Reading, writing, and recruiting
Posted by digglahhh on 7 April 2007
No discussion of higher education, graduation rates and the dumbing-down of universities would be complete without consideration of the oxymoronic euphemism, “student athlete.” This is not to say that all student athletes are students by label alone, but a substantial number of the most visible, successful and revenue-producing ones are. It turns out this should come as no surprise. Many up and coming NBA stars probably went to a Potemkin Village high school where only the basketball court was real. First, let’s look at those graduation rates.
The most recent episode of HBO’s Costas Now featured a story about the loose academic requirements and special treatment afforded to athletes who play for major collegiate teams (mainly basketball and football) and the pressure, economic and otherwise, put on professors to pass those athletes, in effect, on the basis of their athletic instead of academic performance.
A roundtable discussion on the poor graduation rates of student athletes followed, in which we saw Costas exhibit an increasingly rare journalistic acumen. When NCAA President, Myles Brand crowed that student athletes had higher graduation rates than students overall, Costas called out the apples to oranges analogy, noting that students frequently leave school for non-academic reasons that range from career opportunities (as was the case with Costas himself during his senior year at Syracuse) to financial burdens.
Brand continued to talk about student athletes on the whole. Once again, Costas admonished him for quoting the statistics in a manner that groups Ivy League fencing teams with Big East basketball teams. The bottom line is that several perennial college basketball and football powerhouses graduate fewer than half of their players. The roster of the UNLV’s 1990-91 undefeated basketball team can boast more Final Four appearances than degrees. Not surprisingly, UNLV soon found themselves in some pretty hot water ranging from gambling to booster scandals. (I self-nominate that sentence for pun of the month; take a look at this photo of three of the members of that UNLV basketball team in a jacuzzi with Gambino Family member Richie “The Fixer” Perry.)
These student athletes arrive at college able to solve the half court trap. But do they come qualified to solve a quadratic equation? As it turns out, more and more of them never see one in high school, coming, as they do, from fly-by-night, storefront prep schools.
Yes, prep schools, though not those stiflingly proper institutions where seersucker-clad young Republicans are sent to hobnob with other future subjects of Michael Moore documentaries, where Oliver was taught not to fall in love with girls like Jenny, where Gene and Phineas made their separate peace. After all, I doubt, even, if Finny were able to dunk from the free throw line, he probably would have considered it unsporting…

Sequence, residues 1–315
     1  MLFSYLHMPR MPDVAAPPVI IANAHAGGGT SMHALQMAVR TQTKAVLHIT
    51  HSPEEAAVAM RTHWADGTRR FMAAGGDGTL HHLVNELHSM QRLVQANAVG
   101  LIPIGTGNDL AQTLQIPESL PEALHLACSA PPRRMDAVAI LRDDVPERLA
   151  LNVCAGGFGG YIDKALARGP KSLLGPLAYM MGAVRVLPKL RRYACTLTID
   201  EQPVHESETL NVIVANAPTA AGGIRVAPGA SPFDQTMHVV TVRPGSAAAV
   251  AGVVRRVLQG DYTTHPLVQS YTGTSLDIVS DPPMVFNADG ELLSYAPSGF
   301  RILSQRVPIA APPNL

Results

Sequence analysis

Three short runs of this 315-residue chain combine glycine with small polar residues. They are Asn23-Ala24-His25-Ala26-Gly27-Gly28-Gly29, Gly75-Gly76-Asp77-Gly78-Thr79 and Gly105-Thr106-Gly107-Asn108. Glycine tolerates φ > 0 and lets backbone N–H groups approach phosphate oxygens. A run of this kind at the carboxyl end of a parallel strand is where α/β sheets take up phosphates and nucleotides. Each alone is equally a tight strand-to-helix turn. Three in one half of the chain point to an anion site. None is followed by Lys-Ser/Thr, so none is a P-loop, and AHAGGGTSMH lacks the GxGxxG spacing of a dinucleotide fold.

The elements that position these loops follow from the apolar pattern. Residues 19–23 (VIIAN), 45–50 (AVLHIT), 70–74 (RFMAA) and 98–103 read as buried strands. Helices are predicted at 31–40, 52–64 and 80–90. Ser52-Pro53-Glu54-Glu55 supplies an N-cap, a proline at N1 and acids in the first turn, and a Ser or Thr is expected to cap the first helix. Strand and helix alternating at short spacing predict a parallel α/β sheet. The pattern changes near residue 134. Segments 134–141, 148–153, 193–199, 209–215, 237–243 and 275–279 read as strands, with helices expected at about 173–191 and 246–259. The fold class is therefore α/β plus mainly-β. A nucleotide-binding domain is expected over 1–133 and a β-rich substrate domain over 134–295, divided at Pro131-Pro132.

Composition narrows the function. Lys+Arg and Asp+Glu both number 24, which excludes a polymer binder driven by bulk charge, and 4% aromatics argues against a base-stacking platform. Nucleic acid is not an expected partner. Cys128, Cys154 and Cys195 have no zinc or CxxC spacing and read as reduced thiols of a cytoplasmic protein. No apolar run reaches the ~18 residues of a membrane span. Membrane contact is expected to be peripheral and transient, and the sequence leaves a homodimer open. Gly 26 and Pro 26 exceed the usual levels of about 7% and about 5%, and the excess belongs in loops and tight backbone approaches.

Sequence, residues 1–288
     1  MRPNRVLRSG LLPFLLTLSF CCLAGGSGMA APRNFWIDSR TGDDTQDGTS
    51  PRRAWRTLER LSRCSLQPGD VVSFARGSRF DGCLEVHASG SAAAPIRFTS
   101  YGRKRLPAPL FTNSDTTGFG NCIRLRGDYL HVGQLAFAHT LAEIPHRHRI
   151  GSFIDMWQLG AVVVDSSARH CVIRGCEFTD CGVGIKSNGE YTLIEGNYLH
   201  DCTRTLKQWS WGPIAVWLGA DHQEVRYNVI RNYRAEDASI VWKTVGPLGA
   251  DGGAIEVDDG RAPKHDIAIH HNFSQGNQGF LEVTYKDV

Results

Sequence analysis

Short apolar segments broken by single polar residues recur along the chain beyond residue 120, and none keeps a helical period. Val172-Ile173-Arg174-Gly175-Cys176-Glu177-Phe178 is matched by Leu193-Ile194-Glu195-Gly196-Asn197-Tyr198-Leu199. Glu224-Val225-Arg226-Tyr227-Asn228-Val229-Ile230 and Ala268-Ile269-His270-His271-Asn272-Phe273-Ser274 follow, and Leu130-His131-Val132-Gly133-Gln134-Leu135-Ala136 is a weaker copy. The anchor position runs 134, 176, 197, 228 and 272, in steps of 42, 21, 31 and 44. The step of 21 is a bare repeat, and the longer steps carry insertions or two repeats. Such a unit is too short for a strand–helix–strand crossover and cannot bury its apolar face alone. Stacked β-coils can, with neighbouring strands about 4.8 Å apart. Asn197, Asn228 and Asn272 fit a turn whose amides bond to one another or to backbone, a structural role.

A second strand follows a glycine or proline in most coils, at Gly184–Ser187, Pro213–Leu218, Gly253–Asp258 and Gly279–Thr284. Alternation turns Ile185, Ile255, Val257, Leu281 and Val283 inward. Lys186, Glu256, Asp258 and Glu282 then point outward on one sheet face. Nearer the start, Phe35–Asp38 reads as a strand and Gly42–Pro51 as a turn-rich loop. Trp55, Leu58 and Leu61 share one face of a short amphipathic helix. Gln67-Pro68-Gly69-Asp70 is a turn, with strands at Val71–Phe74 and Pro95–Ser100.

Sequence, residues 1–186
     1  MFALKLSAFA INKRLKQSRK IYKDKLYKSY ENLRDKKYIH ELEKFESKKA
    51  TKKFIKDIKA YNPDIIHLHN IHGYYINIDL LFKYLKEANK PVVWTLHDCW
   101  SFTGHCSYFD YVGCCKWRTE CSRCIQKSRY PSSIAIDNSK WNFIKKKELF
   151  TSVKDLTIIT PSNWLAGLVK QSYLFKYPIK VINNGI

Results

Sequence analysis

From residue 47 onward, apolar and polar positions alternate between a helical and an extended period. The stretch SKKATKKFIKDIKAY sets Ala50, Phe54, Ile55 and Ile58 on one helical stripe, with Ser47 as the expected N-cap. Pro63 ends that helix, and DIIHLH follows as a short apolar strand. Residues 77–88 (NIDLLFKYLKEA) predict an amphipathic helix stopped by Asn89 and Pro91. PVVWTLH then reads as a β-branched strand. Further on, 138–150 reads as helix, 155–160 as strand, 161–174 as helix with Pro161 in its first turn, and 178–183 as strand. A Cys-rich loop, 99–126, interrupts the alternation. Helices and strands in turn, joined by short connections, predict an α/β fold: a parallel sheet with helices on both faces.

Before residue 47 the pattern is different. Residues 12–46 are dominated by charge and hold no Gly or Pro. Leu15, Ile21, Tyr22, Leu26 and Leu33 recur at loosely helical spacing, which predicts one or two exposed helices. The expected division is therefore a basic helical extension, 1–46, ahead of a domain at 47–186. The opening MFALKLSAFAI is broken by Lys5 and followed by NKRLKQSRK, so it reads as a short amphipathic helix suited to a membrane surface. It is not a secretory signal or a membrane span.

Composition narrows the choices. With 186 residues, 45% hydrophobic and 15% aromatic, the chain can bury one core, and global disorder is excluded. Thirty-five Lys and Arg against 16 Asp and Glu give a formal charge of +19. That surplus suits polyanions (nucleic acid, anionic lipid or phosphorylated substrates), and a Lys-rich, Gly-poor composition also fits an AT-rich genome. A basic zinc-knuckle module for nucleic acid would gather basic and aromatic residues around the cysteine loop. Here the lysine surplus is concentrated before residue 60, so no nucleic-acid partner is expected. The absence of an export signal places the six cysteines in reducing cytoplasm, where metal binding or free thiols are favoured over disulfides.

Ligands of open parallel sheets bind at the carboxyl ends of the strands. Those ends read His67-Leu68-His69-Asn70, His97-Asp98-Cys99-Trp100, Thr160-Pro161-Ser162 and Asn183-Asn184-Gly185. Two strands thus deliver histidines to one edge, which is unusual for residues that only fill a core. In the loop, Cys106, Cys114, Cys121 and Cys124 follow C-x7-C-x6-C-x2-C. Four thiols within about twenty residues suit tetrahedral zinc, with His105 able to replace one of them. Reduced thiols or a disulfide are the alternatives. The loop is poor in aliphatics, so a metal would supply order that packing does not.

The baskeball prep-school mill was the focus recently of HBO’s other sports journalism show, the phenomenal Real Sports. It recently featured a story that will be disturbing to anyone except, well, the strictest caveat-emptor libertarian subject of a Michael Moore documentary. In many states, the process of starting up a private school is incredibly simple. So, spirited entrepreneurs assemble high school Dream Teams and then create a school for them to attend. These schools are often nothing more than warehouses with a few chairs and a chalkboard (probably used primarily for diagramming defensive schemes, not equations). Academics barely exist, if at all. But, there’s more.
The NCAA’s academic requirements are based on a sliding scale of G.P.A. and S.A.T scores. The higher a student’s G.P.A., the lower he needs to score on his SATs to be granted academic eligibility. At a 3.55, a student literally does not need to answer a single SAT question correctly to meet the NCAA’s academic standards. So, the stupider your power forward, the more you have to inflate his grades.
NCAA review boards eventually investigate these schools, but by that time the adroit founders have packed up and moved to a different location, with a different name and a new set of 6’5” fifteen year olds who for whom it is easier to reverse dunk than calculate the hoop’s circumference. For one school that Real Sports looked into, the NCAA announced that it completed an investigation and would no longer be honoring its transcripts. The school had been closed down for over a year.
Meanwhile, the morally bankrupt venture capitalists who organize these schools profit from their next nationally known high school basketball team,are playing the role of mentor to young men in fractured living situations with the athletic talent to become multi-millionaires.
Both episodes of these shows are currently available on HBO On-Demand, for those who have it.
A lot of times we find ourselves asking questions unprepared for their disturbing answers. For many of these “student” athletes, how they got into college in the first place is one of them.